This one has a 40mm case, exc crown, with a unidirectional clicking bezel. You grab the serrated edges and wind it to the left, or anti-clockwise. Bit stiff, but as I won’t be diving in a watch with a 30m depth rating, it doesn’t matter. It’s the look and feel that counts for me at this price.
Inside you can hear the movement spinning its rotor like an old fashioned 45rpm record when you shake the watch. I gave it about ten mins of shaking and it ran overnight fine.
The crown unscrews nicely and once you line it up dead straight, it screws down perfectly too. The case edges are well chamfered and rounded, no sharp edges sticking in your wrist. I like the blue inlay in the crown too, like Cartier touch there, although under a loupe it does look like a blue sticker.
There is a Rolex syle serrated caseback, and although In have a set of tools somewhere in the spare room to jam it in the vice and open it, I haven’t bothered. I can’t see the movement being exciting to look at frankly, what matters is that it works. So far it’s been keeping time spot on for a day, but I will update you in a few months and see what the accuracy is like.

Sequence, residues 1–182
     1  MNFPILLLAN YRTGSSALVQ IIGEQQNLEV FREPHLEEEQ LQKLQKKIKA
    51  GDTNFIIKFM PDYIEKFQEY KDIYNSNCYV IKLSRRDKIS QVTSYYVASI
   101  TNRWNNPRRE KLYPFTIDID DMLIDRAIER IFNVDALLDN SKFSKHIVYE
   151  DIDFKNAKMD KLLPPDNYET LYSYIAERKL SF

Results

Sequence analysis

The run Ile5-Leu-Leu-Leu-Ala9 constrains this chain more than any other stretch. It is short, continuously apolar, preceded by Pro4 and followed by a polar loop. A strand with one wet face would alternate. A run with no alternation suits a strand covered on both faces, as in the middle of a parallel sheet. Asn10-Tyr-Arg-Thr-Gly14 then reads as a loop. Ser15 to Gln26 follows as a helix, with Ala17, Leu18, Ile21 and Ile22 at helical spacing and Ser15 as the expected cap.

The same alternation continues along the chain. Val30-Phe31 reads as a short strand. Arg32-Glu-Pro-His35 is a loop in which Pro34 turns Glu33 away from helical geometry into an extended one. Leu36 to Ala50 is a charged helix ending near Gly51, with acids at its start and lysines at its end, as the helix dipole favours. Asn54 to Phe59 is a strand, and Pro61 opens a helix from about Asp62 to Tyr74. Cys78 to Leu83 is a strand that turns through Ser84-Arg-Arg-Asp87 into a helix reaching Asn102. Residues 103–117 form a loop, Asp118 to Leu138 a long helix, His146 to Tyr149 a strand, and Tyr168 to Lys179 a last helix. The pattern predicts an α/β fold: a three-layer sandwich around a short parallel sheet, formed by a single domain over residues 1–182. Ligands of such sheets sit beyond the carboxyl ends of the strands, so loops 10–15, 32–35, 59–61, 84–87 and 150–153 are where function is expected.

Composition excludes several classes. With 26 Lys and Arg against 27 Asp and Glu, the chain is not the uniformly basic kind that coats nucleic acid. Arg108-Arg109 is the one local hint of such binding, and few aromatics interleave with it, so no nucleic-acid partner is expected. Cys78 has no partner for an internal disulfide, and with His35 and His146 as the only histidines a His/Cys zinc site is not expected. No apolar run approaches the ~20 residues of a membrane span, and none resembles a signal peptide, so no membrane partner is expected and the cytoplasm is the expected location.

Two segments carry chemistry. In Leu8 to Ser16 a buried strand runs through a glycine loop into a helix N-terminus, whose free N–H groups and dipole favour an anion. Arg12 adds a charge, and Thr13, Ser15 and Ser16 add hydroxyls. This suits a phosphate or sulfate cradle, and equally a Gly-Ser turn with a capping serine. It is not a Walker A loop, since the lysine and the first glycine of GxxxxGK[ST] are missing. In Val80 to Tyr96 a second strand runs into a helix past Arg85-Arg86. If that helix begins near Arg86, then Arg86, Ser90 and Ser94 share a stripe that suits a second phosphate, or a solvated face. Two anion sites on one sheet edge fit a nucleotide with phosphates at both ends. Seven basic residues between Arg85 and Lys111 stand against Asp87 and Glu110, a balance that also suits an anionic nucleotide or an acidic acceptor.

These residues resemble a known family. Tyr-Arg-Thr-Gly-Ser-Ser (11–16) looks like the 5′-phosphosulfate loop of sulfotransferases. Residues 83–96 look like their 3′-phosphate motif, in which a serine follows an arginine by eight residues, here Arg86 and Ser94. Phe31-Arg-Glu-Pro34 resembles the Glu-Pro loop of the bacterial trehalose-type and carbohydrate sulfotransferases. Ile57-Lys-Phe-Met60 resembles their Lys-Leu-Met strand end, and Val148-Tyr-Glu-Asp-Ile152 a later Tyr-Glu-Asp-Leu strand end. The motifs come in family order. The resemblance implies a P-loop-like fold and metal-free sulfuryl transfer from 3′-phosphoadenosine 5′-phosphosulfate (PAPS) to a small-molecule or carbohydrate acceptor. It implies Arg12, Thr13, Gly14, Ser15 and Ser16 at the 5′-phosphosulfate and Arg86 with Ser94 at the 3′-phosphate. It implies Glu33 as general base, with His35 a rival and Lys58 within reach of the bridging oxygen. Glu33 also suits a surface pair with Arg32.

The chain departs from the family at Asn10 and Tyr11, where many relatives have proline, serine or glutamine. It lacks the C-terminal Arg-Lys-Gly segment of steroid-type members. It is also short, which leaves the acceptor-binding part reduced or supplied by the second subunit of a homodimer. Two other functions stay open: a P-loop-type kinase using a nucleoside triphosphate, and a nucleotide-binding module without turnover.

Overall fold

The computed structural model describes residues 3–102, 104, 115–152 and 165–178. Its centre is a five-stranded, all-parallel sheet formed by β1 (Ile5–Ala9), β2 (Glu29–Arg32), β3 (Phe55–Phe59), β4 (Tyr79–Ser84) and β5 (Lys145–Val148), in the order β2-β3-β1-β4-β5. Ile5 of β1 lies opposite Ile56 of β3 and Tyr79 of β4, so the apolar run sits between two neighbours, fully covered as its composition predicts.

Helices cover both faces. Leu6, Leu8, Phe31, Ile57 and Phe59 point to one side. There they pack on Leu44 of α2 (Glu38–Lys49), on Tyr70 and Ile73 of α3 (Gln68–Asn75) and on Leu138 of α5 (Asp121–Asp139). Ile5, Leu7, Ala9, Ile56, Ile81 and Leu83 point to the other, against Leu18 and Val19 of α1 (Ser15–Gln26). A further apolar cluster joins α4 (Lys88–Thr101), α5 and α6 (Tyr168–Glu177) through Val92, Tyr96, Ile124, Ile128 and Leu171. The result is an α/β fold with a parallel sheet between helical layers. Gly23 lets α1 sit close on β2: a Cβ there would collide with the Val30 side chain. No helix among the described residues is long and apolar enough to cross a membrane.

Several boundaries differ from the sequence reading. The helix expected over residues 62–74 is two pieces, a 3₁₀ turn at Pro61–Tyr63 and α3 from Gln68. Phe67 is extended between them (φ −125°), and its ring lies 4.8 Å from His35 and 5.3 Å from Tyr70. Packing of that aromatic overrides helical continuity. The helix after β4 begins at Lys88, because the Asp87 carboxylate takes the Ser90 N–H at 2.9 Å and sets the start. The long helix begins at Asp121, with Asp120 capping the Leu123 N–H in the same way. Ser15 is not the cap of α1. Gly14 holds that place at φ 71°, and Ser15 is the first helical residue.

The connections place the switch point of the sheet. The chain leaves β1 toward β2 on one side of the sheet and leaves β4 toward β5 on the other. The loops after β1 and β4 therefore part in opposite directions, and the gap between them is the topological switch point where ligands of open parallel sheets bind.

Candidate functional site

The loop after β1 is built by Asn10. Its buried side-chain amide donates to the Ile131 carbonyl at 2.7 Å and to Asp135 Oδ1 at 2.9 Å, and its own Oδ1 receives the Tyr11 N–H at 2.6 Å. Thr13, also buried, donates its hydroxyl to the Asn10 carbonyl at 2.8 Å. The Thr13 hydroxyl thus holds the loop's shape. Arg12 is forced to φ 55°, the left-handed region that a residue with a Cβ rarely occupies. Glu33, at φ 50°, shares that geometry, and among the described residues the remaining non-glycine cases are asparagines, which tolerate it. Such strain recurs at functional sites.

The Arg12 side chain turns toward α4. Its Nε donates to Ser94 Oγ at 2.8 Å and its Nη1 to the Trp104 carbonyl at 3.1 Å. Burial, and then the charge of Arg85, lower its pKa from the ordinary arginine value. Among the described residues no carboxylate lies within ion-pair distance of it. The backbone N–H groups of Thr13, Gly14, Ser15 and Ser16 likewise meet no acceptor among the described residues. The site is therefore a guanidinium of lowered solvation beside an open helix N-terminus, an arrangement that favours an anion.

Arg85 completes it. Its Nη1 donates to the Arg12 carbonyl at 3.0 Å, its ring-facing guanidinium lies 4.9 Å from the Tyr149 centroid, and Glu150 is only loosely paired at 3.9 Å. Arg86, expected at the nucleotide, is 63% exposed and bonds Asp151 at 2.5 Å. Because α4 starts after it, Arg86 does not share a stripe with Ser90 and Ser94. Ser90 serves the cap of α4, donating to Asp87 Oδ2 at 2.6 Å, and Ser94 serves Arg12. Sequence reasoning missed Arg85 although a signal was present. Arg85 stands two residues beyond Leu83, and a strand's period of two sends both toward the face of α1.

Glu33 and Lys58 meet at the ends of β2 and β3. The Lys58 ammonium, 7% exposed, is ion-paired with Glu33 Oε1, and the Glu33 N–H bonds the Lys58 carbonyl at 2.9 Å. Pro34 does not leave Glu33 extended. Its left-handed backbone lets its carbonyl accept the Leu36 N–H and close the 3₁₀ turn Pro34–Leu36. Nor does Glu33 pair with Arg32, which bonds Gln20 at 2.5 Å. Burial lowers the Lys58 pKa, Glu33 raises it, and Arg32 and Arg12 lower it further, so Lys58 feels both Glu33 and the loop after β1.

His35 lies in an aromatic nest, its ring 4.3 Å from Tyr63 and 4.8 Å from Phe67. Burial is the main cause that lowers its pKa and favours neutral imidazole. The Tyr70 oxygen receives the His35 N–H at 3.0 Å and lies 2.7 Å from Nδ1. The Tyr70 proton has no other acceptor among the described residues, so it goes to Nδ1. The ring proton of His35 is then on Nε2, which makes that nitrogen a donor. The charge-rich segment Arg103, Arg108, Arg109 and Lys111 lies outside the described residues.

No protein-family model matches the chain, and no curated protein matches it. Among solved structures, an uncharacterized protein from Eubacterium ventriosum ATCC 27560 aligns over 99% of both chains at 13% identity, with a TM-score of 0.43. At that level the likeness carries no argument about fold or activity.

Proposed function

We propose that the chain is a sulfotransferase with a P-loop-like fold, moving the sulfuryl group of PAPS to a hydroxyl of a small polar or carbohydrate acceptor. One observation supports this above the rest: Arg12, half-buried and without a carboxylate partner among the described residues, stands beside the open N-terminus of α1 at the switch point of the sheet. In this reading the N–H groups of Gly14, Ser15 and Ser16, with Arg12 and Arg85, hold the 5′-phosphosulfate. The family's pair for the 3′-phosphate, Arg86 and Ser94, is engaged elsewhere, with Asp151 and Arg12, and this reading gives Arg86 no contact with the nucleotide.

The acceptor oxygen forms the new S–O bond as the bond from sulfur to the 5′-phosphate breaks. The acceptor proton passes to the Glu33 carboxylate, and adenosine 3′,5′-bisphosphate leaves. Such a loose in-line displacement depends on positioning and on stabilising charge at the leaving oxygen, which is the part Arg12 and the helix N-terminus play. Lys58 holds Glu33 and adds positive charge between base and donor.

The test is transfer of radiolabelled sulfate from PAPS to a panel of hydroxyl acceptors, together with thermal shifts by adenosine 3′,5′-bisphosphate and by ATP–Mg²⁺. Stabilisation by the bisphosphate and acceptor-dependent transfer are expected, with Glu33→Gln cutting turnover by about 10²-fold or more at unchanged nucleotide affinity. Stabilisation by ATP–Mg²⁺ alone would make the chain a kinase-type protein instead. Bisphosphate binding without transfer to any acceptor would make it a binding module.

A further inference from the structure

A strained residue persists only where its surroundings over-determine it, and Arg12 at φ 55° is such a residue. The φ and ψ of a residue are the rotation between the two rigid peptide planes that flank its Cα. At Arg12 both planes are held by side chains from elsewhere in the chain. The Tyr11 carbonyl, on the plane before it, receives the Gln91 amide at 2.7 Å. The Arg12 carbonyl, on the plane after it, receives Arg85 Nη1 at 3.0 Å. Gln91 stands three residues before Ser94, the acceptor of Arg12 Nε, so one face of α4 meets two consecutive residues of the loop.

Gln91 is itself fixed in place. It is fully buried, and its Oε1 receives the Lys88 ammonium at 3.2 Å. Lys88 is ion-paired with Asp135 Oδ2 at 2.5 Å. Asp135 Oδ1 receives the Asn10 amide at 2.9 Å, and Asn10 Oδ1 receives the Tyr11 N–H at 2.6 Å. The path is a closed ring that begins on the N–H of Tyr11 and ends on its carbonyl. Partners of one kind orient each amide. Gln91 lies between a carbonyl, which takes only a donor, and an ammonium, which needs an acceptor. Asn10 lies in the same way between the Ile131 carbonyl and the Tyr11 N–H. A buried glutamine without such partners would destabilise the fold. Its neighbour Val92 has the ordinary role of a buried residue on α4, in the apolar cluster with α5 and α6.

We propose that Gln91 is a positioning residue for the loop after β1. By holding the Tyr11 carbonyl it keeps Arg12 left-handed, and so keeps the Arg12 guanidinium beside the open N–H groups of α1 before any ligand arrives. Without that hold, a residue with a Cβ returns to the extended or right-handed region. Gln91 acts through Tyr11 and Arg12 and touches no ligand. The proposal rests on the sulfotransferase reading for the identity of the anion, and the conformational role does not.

I had to remove 4 links to fit my wrist, so I was pleased to see screwdown pins fitted. This is usual on expensive watches, or the capped variety, but far better than push-pins, as they tend to bend slightly when tapped back into brand new bracelet links in my experience. Definite plus point for this level of watch.
ON THE WRIST
The watch isn’t too wide or too heavy for me. It’s not too high like a real dive watch with 300m resistance might be at say 15mm plus, this one measures at 13mm dead on my Vernier gauge, inc the caseback and crystal cyclops detail.
The cyclops gives you a decent view of the date and it is set dang straight on the glass too. The clasp snaps shut and prises open with a nice blend of ressistance. All round, this is a superb watch for Sekonda money and feels good to wear. It won’t impress any fellow collectors, or fashionistas who worship particular Indie brands, or Swiss dive models. Fact is, it isn’t a real dive watch, just a homage.